We always saw Alex Trebek as the ‘good guy’ in the way he carried himself. He once revealed why he wanted to be seen as such to contestants.
Alex Trebek was known for his warm nature and comforting voice and demeanor. He was the life of Jeopardy! for over 36 years until his unfortunate death from stage four pancreatic cancer in November. He fought the dreaded prognosis for around 18 months.
“Well, I want to appear to our viewing audience as a good guy, and I think when you’re the host, it behooves you to do that.”
While joking with Alex Trebek, Dan Patrick wanted to see the docile man’s alter ego. Trebek’s “darker side” that said what he really thinks when contestants buzz in with ridiculous answers.
“You’re not serious,” started Alex Trebek with a straight face. “Really? Did you not get past fourth grade? Did you not make it to grade six? Do you remember your grade six graduation? You got your driver’s license that year. Do you remember?”
Alex Trebek Always Remembered This Moment
Looking back on the years, Alex Trebek has pretty much heard it all, from the absurd to the flat-out appalling. However, he can only once recall a time where he put a contestant down for their struggle on Jeopardy!.
“Sometimes, the responses, as you indicated in your last segment, the responses are so far out of line that it’s almost begging you for the put-down. Let’s see. The only time that I can recall that I deliberately did a put down was for Lynn Redgrave in a Celebrity Jeopardy! thing, and she was not doing well and said, ‘oh, my signaling device isn’t working very well’ and I looked at her, and I said, ‘it’s not your signaling device.'”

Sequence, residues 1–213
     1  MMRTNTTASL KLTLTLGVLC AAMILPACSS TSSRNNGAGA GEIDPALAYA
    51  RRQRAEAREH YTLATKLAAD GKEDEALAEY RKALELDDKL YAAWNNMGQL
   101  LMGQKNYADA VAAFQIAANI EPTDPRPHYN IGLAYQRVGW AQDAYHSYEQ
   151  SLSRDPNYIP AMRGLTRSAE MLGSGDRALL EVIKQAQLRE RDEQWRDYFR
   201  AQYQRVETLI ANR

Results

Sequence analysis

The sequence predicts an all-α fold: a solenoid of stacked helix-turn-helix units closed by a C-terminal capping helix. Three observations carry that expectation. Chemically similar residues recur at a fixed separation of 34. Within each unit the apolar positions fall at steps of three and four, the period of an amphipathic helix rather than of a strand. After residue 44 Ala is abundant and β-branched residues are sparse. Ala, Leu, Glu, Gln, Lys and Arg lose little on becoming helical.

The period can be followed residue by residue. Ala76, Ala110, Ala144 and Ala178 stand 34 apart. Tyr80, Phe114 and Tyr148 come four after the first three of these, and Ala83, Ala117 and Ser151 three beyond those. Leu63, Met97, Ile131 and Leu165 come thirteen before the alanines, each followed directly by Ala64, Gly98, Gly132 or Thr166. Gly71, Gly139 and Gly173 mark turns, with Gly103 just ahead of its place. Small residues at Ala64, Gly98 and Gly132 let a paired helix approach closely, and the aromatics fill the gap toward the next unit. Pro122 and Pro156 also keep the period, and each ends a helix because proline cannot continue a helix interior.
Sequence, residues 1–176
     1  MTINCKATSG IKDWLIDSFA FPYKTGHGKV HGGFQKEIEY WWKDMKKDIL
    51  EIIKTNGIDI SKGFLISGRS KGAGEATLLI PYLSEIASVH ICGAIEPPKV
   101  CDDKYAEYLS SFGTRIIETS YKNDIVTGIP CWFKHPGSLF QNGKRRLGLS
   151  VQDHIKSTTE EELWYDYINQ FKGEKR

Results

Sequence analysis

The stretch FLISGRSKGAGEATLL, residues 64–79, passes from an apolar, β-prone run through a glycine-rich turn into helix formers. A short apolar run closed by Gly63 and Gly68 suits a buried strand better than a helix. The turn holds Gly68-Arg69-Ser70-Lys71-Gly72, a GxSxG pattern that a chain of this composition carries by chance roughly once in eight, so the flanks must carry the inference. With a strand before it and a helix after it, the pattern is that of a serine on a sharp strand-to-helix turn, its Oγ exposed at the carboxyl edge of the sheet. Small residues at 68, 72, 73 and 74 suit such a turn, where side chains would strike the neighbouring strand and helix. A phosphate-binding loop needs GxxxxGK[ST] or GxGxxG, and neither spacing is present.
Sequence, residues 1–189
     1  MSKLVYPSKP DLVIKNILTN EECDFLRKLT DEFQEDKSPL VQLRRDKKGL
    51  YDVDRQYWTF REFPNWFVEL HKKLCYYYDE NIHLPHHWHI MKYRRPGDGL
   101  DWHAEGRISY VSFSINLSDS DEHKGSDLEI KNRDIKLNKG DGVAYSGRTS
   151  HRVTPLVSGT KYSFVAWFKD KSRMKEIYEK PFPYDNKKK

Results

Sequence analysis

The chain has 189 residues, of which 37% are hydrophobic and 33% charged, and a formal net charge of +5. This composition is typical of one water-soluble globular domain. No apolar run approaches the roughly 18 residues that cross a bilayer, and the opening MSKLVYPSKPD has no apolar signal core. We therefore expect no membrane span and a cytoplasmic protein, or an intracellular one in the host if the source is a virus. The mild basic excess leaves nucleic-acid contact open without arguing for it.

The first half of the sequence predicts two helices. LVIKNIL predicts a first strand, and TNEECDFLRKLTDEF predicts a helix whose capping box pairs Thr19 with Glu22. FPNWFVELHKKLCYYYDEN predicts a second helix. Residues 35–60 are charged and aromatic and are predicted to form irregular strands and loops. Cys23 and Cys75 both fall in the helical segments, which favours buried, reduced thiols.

Being the kind-hearted person Alex Trebek was, he immediately felt bad for the joke. He related being a host to a military commercial.
“To tell you the truth, I regretted saying that afterward because, cone on, you are the host of the show. You’re here every day. Your job is to run the game, help the contestants do their very best. It’s like the military commercials, be all you can be.”
Trebek closes, saying that he just wants to be wanted and not be seen as someone who puts others down.
“That’s my job as host, so if I’m nasty, the audience will not like that. They will think, ‘oh, he’s being a smartass. He is being this. He’s being that. We don’t want him anymore,’ and I want them to want me.”
Well, Alex, we always did want you, and now more than ever do, we miss your charismatic attitude.